Had his grandfather not died, Evans said he probably would have played in high school. Instead, Evans fell through the cracks and drifted by without ever giving much thought to playing football again.

Instead of the game, Evans had to help his mother keep the family afloat. With his grandfather and grandmother gone, it was up to Evans' mother to raise him and his three sisters.

"That's hard for a woman, to raise a man on top of having other siblings," Evans said. "It was hard for her. I made a lot of mistakes in my life. I would never in a million years blame it on her because she was a single parent."

Evans credited his mother for getting him through a rough childhood and for today's success.

"I have a great mother," Evans said. "She taught me to be grateful for everything. I didn't have much growing up, so every little thing I did get, I took good care of it. I cherished it. When I got a new pair of shoes, I'd wash them when I got home from school, put them up and put on my old shoes to play. That came from not having too much and not having too much follows over to being grateful for the little things I did have, because I wouldn't be able to replace the good things I had if I lost them or something did happen to them.

"That follows over to being grateful for what I have today, as far as my own house, my own room to live in and getting paid to go to school to do what I love - just being able to play football in front of thousands and thousands of fans. I never thought I'd be doing this in a million years."

For the majority of Evans' youth, though, it looked like he never would.

Evans barely played football in high school and graduated without so much as a whiff of a scholarship offer. In his very brief stint with the Cabrillo High School team, he was just another guy on a subpar high school football team.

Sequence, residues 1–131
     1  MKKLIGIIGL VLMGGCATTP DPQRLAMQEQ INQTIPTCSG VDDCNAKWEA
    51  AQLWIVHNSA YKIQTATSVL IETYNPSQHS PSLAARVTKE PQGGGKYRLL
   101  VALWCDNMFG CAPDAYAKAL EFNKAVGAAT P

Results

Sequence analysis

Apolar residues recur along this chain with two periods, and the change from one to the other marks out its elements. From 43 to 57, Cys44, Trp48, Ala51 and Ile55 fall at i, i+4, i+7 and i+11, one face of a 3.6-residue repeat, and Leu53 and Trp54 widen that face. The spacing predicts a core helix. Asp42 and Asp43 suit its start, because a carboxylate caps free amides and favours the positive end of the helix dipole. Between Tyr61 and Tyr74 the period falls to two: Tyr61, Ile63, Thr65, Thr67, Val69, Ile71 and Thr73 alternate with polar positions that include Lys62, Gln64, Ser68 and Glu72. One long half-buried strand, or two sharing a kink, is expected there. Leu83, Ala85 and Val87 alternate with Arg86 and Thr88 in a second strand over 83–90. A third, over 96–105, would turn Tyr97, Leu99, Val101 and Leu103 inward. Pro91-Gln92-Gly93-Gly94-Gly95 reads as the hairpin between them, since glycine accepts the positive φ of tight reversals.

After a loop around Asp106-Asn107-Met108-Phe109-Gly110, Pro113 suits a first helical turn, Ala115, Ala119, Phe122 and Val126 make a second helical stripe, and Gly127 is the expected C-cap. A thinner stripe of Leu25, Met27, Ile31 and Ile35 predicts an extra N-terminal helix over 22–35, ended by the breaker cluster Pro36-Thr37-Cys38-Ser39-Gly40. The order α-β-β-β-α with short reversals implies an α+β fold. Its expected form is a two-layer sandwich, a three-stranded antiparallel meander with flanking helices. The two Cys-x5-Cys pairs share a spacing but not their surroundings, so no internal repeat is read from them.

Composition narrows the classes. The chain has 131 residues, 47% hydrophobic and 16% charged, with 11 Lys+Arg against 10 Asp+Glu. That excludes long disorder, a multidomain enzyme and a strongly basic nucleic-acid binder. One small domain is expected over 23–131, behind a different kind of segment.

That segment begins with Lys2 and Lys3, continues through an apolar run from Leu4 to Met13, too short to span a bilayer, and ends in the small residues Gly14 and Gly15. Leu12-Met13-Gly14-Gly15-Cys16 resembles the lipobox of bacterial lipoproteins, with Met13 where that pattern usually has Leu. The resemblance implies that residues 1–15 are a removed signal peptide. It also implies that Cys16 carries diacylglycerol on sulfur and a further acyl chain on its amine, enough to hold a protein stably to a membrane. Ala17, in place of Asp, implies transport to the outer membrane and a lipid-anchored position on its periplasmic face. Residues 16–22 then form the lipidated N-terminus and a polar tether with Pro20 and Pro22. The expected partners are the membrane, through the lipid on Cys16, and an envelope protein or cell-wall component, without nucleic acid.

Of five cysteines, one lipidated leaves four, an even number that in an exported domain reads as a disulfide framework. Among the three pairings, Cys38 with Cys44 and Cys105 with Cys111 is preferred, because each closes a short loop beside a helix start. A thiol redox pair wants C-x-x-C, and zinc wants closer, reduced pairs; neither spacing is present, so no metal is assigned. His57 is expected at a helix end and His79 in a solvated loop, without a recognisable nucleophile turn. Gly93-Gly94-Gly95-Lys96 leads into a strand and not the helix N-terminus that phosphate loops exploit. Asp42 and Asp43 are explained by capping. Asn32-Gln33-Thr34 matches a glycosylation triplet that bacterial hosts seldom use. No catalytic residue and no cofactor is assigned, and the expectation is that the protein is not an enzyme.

His love for the game still rooted in the back of his brain, but there were still much more important things to take care of, like his mother, his sisters, his family and the finances.

To keep the family going, Evans took a year off and worked at Albertsons bagging groceries. He made next to nothing at a less-than-glamorous job, but it was his time there that started to fuel the fire to Evans' current success.

"Something that got me here was being more hungry than everybody," Evans said. "When I wasn't playing football, I was helping my mother out. Anyway I could get some money to keep food on the table, that's what I was doing. That's what kept me from football. That's what took me so long to get into football, that and the type of people I hung around with. They weren't doing that with their life. They weren't playing football. I didn't have anyone pushing me to play football.  I didn't have anyone telling me not to play football at the same time."

Finally, someone came along to tell him he belonged on the gridiron. Hershel Dennis, a former Southern California running back and Evans' cousin, told Evans to come stay with him at USC to get him back on his feet, out of trouble and introduce him to college life.

While he was on campus, Evans was continually approached by Dennis' friends, both football (LenDale White, Dominique Byrd) and non-football friends, that asked Evans if he played football. He told them no, but it was there Evans started to believe he should give it a shot.

Evans worked out with Dennis for about six months until he got a call out of the blue from a buddy at Los Angeles Harbor College that said he should try out for the team.

FB 09_10 UK_TN WEB 27.jpgEvans decided to move back with his mother because it was closer to the junior college. With the help of his uncle and Pell grants, Evans was able to continue to help his family while pursuing a dream to play football.